The American Federation of Government Employees is calling for changes to be made in the Goodfellow Federal Complex in St. Louis, where cancer-causing chemicals have been a concern for decades. The also union requested that the government transfer all employees out of the complex.
The complex is a multi-agency administration that holds about 2,400 employees who work for the Social Security Administration, the Department of Veterans Affairs, the Agriculture Department, and the General Services Administration.
The issue stems from an investigation by the Occupational Safety and Health Administration (OSHA) that was conducted in July 2016. OSHA noted while conducting the audit that it issued
“seven serious citations” that include hazardous contamination.
OSHA found traces of lead, asbestos, and other known cancer-causing agents. It also noted that GSA Public Building Services (PBS) “did not take adequate action to protect tenants, contractors, and visitors from hazards at the Goodfellow complex due to ineffective environmental management programs, policies, and guidance.”
From January 2002, through December 31, 2016, the GSA Public Building Services conducted 33 studies costing $1.9 million to sample and provide an analysis of the condition of the building. It found some of the same hazards that are reported in the OSHA Report.
GSA Public Building Services’ approach of conducting duplicative studies instead of taking action to remediate the hazardous contamination or prevent access to contaminated areas endangered the health of people at the complex and wasted taxpayer money, according to OSHA.
After its own studies, GSA Public Building Services was aware of the environmental hazards, but did not inform tenants, contractors, and visitors. This violated the Occupational Safety and Health Act of 1970, which requires federal agencies to be free of hazards, and the policy requires the agency to access the unsafe condition within 30 days.
The facility’s management knowingly exposed employees to hazardous contaminants, according to OSHA.
According to an email to employees from GSA Public Building Services in this month titled “Update on Environmental Activities,” since February, it has conducted 172 water samples within 17 buildings and only found two water fixtures that contain lead above Action Levels, according to Environmental Protection Agency standards. The email cited multiple tests that were completed by GSA Public Building Services and also said it plans to periodically check the air and water quality and monitor the environmental issues long term, but it did not comply.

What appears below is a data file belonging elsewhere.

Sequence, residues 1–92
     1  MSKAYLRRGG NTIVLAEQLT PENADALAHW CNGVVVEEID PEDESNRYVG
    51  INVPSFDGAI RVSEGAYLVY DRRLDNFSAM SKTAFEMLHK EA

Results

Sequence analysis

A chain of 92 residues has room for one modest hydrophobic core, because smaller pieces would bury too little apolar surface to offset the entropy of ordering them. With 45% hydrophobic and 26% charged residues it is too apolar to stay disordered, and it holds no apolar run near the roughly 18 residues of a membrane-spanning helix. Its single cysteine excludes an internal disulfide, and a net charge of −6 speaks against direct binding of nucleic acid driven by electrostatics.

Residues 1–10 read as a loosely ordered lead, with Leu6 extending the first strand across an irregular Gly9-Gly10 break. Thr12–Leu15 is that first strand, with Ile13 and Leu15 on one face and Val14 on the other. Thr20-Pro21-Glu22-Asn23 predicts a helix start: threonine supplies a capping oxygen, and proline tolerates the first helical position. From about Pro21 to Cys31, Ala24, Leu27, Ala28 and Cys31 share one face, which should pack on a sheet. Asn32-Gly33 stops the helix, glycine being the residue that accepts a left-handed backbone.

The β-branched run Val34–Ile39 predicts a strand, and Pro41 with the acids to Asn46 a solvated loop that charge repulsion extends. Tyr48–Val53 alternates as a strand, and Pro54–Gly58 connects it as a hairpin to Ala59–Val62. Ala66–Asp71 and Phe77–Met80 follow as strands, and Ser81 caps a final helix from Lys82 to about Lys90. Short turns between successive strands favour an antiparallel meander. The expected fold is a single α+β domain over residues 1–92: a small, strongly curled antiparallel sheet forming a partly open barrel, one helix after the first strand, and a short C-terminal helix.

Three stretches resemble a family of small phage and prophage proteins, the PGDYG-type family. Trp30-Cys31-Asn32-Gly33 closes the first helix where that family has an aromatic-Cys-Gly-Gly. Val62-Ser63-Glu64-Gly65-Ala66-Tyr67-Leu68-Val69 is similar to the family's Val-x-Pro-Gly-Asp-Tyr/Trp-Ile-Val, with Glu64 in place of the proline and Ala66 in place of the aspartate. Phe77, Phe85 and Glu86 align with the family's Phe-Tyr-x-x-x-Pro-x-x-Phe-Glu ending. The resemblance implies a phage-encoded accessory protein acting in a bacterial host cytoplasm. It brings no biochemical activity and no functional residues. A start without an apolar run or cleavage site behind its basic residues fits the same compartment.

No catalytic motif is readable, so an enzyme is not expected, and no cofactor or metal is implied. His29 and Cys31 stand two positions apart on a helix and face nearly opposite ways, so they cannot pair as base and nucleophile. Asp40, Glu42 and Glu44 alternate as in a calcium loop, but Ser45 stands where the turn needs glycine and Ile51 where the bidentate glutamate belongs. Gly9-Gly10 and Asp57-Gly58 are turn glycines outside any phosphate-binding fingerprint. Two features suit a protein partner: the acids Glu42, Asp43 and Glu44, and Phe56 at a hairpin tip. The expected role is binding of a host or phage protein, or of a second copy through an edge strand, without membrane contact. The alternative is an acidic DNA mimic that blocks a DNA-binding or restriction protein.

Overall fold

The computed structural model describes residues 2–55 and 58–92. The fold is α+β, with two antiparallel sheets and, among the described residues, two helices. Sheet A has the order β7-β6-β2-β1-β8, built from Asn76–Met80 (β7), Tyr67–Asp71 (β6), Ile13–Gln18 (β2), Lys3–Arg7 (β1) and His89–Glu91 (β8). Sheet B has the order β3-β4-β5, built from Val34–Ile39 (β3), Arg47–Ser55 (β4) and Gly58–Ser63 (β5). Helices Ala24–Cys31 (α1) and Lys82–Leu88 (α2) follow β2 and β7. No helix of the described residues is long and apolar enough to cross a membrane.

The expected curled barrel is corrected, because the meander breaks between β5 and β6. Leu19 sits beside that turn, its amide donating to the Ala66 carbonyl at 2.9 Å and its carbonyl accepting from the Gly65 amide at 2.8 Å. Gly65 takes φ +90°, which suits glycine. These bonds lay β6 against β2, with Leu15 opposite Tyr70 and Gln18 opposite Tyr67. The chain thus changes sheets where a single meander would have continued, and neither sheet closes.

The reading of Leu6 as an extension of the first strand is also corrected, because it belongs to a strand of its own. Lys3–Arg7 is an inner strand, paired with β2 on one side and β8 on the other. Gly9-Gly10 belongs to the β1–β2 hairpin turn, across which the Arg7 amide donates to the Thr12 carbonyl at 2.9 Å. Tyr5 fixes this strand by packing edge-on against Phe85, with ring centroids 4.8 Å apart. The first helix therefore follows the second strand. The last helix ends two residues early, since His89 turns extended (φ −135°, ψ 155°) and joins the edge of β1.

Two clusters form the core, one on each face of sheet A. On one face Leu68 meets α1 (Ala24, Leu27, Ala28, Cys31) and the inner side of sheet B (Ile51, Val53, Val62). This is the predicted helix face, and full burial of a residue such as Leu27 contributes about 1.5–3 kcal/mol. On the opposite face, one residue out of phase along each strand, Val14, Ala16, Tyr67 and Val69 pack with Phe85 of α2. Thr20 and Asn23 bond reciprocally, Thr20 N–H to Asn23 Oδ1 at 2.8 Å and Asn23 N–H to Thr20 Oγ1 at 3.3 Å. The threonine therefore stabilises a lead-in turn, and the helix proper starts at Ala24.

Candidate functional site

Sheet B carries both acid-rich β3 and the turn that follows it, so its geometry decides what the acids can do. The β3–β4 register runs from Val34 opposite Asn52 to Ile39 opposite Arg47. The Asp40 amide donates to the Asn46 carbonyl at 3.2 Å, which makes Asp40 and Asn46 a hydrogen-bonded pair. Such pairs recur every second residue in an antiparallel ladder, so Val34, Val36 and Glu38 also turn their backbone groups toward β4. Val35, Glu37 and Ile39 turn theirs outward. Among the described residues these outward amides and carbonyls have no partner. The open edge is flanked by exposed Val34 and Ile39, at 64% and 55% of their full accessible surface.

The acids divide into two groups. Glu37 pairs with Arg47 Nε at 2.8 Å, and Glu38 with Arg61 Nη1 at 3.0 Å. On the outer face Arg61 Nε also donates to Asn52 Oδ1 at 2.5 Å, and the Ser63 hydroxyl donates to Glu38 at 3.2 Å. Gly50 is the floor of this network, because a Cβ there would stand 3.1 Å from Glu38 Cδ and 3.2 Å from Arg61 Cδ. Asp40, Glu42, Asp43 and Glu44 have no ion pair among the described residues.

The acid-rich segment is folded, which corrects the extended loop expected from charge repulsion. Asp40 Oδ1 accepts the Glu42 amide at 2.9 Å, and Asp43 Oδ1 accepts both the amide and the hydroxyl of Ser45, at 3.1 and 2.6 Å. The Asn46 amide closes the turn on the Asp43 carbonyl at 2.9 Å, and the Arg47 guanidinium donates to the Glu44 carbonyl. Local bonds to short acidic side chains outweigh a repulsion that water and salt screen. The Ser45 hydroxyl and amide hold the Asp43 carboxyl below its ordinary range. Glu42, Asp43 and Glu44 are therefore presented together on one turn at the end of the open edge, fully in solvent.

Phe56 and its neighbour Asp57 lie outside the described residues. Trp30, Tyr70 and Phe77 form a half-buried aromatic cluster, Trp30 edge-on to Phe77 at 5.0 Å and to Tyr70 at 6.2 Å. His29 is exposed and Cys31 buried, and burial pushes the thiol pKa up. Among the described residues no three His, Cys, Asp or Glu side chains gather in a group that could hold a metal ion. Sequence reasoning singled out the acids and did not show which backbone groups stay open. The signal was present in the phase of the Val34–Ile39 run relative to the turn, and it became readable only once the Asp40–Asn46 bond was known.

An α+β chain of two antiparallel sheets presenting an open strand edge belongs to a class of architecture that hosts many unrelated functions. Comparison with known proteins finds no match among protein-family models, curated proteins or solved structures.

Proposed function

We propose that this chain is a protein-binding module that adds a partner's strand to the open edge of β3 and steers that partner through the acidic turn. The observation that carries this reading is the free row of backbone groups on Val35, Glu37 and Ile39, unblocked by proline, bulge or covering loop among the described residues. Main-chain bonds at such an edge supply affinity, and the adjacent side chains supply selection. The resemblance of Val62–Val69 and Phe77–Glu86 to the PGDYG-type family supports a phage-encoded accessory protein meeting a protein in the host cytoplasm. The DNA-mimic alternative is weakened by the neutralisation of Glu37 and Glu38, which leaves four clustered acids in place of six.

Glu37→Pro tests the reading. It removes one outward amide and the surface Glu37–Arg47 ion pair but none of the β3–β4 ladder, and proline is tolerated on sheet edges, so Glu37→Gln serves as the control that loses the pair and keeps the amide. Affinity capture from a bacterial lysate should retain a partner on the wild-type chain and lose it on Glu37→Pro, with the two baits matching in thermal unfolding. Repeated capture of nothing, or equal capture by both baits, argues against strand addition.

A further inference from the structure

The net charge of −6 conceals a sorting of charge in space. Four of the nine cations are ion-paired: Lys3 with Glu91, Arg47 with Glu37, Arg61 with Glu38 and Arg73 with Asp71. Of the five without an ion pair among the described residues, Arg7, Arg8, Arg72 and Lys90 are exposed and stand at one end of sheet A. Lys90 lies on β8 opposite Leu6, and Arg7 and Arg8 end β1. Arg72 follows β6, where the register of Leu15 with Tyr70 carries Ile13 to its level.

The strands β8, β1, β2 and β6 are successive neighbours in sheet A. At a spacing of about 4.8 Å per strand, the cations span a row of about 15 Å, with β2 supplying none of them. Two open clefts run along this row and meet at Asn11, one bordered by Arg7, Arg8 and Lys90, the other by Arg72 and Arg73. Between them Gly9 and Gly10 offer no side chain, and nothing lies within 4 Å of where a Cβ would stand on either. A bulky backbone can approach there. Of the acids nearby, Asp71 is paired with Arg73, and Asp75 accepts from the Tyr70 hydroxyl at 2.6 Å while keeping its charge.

In a letter to U.S. Rep. Wm. Lacy Clay (D-MO), whose district includes the Goodfellow Complex, the American Federation of Government Employees stated that without the OSHA investigation in 2016 and Officer of Inspection General investigation in 2018, the government would still knowingly be exposing employees to toxic contamination at the Good Fellow Complex. The union also accused GSA Public Building Services of misrepresenting the dangers of the building after confirmation of presence of lead, cadmium, arsenic and other heavy metals.
The union said that employees also have been exposed to everyday maintenance and construction activities, which lead to disturbing the contamination and making it airborne for employees to breathe in.
Sheila Harrison, who said she has been working at the complex for 10 years, noted that employees have to wear masks to enter specific areas, and sometimes pieces of the building come falling down.
“Whenever it rains, the roof leaks,” she said. “It leaks so bad that the ceiling tiles come falling on the desk or employees.”
The union’s letter to Clay also states Johnson’s concerns about the facility.
In response, Clay urged the House Committee on Oversight and Reform to launch a congressional investigation into GSA Public Building Services, stating that it “failed to protect the health and safety of St. Louis’s federal workers.”
GSA Public Building Services had not responded to a St. Louis American request for an interview from by press time. Its response will be reported when and if received.
Francene Bethune is a St. Louis American editorial intern provided by the Emma Bowen Foundation, which recruits promising students of color and places them in multi-year paid internships at some of the nation's leading media, PR and technology companies.